Toyota Motor Corp.’s campaign to show customers, suppliers and investors that it’s serious about electrification was on display again this month, with another round of demonstrations following a similar effort back in June.
(Bloomberg) — Toyota Motor Corp.’s campaign to show customers, suppliers and investors that it’s serious about electrification was on display again this month, with another round of demonstrations following a similar effort back in June.
The world’s largest carmaker invited a clutch of journalists on a tour of three factories in Aichi prefecture, near its headquarters in the city of Toyota, last week for another peek at the technology it’s developing to expand production of battery-based electric vehicles, as well as a crash course on its famed production system.
The previous workshop came at a critical time for Toyota, just ahead of a shareholders meeting, and succeeded in convincing investors the company wasn’t about to sit idle as the global auto industry shifts toward electrification and automation. Toyota detailed plans to commercialize solid-state batteries, roll out 10 new electric models and sell 1.5 million battery electric vehicles annually by 2026.
This time around, after a two-hour bullet train from Tokyo and a short bus ride, reporters heard from engineers at the Teiho plant, who gave a briefing on the progress they’ve made in developing bipolar, liquid iron phosphate (LFP) batteries that Toyota aims to roll out in 2026 or 2027 alongside a full line-up of battery EVs.
The engineers were eager to give the assembled press a progress report, telling them they’d never done such presentations before and were “happy to share their work with the world.” They highlighted the headway they’ve made in finding a way to evenly apply electrolytes — the black, metallic coating needed to build anodes and cathodes. Even so, they said stacking the flat batteries quickly and seamlessly without damaging them remains a big hurdle for mass production.
If successful, such batteries will improve range by 20%, reduce costs by 40% and charge to 80% full in 30 minutes or less, according to Toyota.
The next day, reporters moved on to Toyota’s Myochi plant, where workers demonstrated how a massive cast can use melted aluminum under 4,000 tons of pressure to create large sections of a vehicle’s chassis. This method will eventually be supplemented by a so-called gigacast, which allows an EV chassis to be built in three parts owing to the simplicity of its design versus the hundreds of components needed to build each section in current models.
It’s a production technique pioneered by Tesla Inc., after Elon Musk saw a toy model of a Model S and pushed his engineers to find a way to die-cast entire car sections, according to a biography of the billionaire published this month. The US electric carmaker may soon use gigacast technology to create an entire underbody of an EV in one piece, according to a Reuters report.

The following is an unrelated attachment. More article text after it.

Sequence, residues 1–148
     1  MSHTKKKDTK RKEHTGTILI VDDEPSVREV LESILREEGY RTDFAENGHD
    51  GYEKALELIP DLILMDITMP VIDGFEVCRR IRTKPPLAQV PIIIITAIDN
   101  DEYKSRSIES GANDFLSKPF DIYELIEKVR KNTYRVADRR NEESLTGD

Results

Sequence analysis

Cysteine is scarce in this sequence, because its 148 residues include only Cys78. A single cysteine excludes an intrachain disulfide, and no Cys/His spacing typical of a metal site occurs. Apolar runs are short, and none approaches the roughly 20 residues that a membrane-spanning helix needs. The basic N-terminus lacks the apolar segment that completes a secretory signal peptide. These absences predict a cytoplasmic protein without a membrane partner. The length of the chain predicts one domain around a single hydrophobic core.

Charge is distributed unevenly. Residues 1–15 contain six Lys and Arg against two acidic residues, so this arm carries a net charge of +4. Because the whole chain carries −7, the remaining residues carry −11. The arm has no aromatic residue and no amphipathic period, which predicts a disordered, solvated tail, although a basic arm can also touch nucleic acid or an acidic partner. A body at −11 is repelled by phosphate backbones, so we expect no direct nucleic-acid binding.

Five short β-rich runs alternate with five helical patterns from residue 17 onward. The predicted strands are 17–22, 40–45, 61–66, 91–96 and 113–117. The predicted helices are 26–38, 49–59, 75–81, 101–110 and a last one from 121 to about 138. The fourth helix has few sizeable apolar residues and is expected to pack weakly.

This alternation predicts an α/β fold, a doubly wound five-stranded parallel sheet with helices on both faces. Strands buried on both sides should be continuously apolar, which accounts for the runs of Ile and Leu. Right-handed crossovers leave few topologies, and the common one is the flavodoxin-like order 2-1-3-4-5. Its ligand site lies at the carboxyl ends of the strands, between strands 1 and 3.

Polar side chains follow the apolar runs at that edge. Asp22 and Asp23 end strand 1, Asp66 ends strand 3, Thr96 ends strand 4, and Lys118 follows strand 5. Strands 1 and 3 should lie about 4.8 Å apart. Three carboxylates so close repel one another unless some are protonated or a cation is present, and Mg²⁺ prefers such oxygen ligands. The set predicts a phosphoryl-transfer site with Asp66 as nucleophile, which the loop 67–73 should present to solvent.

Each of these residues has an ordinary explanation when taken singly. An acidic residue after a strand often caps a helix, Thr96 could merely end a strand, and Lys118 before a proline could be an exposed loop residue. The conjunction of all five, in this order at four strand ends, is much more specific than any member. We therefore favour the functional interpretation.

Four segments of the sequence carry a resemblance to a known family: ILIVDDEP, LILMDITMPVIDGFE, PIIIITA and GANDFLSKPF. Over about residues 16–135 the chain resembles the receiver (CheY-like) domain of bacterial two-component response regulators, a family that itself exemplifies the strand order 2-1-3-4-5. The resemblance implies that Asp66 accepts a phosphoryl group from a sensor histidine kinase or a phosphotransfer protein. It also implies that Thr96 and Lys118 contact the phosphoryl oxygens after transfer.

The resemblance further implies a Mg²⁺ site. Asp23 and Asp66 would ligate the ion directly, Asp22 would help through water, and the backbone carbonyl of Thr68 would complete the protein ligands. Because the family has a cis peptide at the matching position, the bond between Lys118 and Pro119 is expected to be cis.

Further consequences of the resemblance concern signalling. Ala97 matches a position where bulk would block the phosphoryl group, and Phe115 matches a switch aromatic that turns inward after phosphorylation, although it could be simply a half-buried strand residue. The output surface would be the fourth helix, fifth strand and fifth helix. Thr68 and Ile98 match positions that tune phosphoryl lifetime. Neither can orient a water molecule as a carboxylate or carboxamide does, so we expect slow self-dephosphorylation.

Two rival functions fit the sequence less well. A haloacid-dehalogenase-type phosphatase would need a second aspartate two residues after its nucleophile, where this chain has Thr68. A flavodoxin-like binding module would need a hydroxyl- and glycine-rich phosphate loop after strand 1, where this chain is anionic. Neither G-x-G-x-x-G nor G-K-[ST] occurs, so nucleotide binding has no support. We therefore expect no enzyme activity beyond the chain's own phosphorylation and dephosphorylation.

Toyota’s not quite there yet.
Its gigacast prototype revealed last week in Nagoya was a 1/10 scale model that stood half a meter tall. Once it’s life-sized and functional, though, Toyota will look to churn out EVs by the millions, like it has for years with gasoline and hybrid cars.
The tour’s last stop was the Motomachi plant, Toyota’s oldest and biggest factory. There, engineers are developing what they call a self-propelled BEV assembly line.
The idea is that, because EVs won’t fill a factory with noxious fumes and endanger workers, they can drive themselves through production once they get a motor and a set of wheels. A simple remote control device connected to a series of surveillance cameras will guide each vehicle through the factory, eliminating the need for industrial conveyor belts.
Toyota says this will reduce upfront plant investments and improve the flexibility of assembly lines when they need to be adjusted or if a new model is introduced.
Even now, the facility itself is a sight to behold. Nine different models — from sedans and compact minivans to fully electric vehicles and police cars — are being assembled on a single, mixed manufacturing line. A collage of human and machine appendages move constantly in an intricate but simple dance. Rolling platforms with integrated tools enable each worker to move swiftly from one car to the next.
This choreography was developed over decades under the doctrine of the Toyota Production System, or TPS, which stresses functionality and condemns waste but, above all, strives for incremental refinement of any process in order to perfect the final product.
In a way, embracing new ideas such as the gigacast is part of the TPS philosophy. The company will need to be flexible if it wants to reach net zero carbon emissions even after becoming capable of building and selling 10 million cars every year.
The difference now is that Toyota, under CEO Koji Sato, who took over in April, is more willing to talk publicly about what it’s doing to try and change.
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